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Beliefs About Wife Beating Among Medical Students From Turkey

NCJ Number
Journal of Family Violence Volume: 23 Issue: 2 Dated: February 2008 Pages: 119-133
Muhammad M. Haj-Yahia; Aynur Uysal
Date Published
February 2008
15 pages
Using a self-administered questionnaire, this study examined 173 Turkish students' beliefs about wife-beating.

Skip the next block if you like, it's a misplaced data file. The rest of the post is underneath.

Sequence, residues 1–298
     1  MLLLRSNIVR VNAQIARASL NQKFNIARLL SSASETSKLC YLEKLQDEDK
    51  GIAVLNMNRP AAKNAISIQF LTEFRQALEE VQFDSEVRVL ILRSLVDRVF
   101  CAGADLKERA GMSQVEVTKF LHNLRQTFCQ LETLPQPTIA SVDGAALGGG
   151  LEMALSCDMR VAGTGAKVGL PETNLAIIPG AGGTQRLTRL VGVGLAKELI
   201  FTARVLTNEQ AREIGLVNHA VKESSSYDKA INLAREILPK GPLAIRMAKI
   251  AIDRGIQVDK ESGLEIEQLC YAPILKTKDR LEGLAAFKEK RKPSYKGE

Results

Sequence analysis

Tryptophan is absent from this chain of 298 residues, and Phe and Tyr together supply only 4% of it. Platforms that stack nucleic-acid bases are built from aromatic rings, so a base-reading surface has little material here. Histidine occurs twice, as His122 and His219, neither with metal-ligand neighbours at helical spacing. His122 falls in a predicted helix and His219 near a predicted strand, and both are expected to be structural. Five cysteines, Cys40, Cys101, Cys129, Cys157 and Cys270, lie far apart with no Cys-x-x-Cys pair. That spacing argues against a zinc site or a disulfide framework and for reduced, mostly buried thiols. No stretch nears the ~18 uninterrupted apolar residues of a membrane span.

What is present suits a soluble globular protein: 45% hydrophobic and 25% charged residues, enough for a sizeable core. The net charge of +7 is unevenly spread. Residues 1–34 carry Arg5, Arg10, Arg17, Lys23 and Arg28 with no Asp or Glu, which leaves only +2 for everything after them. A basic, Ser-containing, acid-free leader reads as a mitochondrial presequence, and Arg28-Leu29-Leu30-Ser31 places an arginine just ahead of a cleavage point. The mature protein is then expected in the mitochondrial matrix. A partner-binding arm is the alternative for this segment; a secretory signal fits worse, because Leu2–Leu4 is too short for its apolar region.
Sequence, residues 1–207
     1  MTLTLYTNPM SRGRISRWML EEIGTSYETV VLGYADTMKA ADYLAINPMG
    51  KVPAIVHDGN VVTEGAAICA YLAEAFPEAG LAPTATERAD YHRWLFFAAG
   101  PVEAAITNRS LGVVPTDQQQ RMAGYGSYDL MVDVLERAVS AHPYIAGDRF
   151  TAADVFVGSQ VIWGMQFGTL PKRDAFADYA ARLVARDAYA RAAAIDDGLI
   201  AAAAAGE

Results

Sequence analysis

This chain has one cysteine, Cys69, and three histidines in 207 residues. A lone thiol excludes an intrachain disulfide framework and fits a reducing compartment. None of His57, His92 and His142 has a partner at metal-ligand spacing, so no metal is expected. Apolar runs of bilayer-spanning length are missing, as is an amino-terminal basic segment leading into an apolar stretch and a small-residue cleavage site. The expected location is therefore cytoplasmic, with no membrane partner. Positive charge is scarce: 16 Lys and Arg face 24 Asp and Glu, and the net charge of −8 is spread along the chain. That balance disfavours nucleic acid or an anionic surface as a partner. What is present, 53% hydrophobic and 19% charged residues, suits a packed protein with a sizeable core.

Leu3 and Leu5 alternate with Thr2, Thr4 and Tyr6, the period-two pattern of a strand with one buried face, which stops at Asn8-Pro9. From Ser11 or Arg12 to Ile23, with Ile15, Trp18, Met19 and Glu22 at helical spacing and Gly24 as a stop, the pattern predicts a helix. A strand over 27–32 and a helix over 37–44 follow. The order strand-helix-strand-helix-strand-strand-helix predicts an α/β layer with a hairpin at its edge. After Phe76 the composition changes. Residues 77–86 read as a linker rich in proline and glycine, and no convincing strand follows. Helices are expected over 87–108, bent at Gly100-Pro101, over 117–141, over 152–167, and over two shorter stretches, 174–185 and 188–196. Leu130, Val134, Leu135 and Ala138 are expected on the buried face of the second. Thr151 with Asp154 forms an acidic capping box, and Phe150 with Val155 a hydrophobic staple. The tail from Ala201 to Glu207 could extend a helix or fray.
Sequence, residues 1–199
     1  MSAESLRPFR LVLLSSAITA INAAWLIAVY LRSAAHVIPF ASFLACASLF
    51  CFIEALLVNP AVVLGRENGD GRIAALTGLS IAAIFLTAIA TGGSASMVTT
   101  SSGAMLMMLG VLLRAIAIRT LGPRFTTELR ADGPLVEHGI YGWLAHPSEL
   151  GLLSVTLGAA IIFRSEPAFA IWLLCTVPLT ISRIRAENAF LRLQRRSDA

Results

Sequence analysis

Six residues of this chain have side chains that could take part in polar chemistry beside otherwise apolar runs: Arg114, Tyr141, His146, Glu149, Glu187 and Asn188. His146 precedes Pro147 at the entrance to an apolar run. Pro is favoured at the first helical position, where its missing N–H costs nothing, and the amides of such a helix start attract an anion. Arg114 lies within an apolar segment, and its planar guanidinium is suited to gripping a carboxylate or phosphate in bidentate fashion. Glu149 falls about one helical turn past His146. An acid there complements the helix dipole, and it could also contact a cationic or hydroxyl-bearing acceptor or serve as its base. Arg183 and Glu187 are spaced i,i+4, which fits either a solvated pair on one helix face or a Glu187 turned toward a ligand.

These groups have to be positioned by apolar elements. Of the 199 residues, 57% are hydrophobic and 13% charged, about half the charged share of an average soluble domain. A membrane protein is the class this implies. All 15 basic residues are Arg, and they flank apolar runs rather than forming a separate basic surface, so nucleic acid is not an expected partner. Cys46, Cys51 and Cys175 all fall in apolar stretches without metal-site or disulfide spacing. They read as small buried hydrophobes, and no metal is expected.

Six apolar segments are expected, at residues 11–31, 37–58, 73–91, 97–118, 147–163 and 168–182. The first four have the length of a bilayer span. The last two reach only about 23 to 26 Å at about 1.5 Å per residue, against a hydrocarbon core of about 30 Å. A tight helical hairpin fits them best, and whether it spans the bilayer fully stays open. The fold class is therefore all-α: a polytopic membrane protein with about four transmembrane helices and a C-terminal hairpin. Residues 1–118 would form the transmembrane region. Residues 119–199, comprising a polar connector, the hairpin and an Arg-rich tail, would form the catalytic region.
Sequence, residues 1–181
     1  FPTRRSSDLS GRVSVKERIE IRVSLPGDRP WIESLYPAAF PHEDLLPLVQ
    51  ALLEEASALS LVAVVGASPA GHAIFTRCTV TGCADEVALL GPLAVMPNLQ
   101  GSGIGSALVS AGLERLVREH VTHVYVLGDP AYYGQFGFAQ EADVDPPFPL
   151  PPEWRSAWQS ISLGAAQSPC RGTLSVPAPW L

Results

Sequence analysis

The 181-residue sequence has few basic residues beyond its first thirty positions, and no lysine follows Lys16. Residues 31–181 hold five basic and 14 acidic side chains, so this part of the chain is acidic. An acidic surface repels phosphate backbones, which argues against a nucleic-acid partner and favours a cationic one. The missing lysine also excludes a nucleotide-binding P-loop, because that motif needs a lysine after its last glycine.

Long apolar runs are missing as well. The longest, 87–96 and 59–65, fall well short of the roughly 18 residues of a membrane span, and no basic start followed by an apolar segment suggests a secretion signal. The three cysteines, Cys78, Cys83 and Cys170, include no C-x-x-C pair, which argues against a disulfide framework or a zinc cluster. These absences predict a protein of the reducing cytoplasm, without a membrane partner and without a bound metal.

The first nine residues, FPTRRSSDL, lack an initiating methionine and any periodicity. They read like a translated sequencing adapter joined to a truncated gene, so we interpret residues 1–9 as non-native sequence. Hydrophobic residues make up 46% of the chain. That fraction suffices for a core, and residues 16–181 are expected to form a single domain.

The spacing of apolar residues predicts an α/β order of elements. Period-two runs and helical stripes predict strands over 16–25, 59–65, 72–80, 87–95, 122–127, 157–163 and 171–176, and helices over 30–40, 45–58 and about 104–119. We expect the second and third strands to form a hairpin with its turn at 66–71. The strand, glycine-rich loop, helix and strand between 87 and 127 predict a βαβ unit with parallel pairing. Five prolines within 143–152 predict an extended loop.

Approximately three-fourths (75.8 percent) of the students expressed some level of agreement that "there is no excuse for a man to beat his wife;" however, between 4.5 and 38.7 percent of the participants expressed some level of agreement that in some cases or on some occasions wife-beating was justified. For example, 38.7 percent expressed some level of agreement that "a sexually unfaithful wife deserves to be beaten," and 13.9 percent indicated some level of agreement that "a woman who constantly disobeys her husband and doesn't listen to him is asking to be beaten." Also, there was some level of agreement that women benefited from beatings for between 3.5 percent and 5.3 percent of the students; and between 4.7 percent and 28.5 percent of the participants expressed some level of agreement that battered women were responsible for their beating. More favorable attitudes toward wife beating under various circumstances were related to support of a traditional patriarchal ideology and exposure to violence in one's family. These findings are consistent with social learning theory, which argues that violent behavior, along with attitudes and beliefs that support such behavior, are learned in various socialization processes that occur mainly in childhood and adolescence. The study was conducted with a convenience sample of 173 medical students (46 percent women) at a major university in Turkey. Students completed a self-administered, anonymous questionnaire that solicited information on background, beliefs about wife beating, attitudes toward women, marital role expectations, exposure to family violence, psychological symptoms, and family functioning. Details of study procedures and statistical analyses are provided. 4 tables and 44 references